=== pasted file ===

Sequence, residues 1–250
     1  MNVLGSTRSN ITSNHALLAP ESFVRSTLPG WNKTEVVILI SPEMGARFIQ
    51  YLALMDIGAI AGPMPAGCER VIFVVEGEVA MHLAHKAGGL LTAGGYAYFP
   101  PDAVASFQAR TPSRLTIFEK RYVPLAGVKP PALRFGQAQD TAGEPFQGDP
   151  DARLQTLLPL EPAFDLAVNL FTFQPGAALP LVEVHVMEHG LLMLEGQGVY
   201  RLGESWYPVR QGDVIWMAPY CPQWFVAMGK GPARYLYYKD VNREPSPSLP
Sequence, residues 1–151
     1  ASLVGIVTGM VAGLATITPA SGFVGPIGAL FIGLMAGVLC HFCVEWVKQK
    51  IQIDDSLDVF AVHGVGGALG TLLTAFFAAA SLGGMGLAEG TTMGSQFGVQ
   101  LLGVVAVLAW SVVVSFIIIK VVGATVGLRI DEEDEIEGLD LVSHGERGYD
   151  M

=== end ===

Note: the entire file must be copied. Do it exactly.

Sequence, residues 1–250
     1  MNVLGSTRSN ITSNHALLAP ESFVRSTLPG WNKTEVVILI SPEMGARFIQ
    51  YLALMDIGAI AGPMPAGCER VIFVVEGEVA MHLAHKAGGL LTAGGYAYFP
   101  PDAVASFQAR TPSRLTIFEK RYVPLAGVKP PALRFGQAQD TAGEPFQGDP
   151  DARLQTLLPL EPAFDLAVNL FTFQPGAALP LVEVHVMEHG LLMLEGQGVY
   201  RLGESWYPVR QGDVIWMAPY CPQWFVAMGK GPARYLYYKD VNREPSPSLP
Sequence, residues 1–151
     1  ASLVGIVTGM VAGLATITPA SGFVGPIGAL FIGLMAGVLC HFCVEWVKQK
    51  IQIDDSLDVF AVHGVGGALG TLLTAFFAAA SLGGMGLAEG TTMGSQFGVQ
   101  LLGVVAVLAW SVVVSFIIIK VVGATVGLRI DEEDEIEGLD LVSHGERGYD
   151  M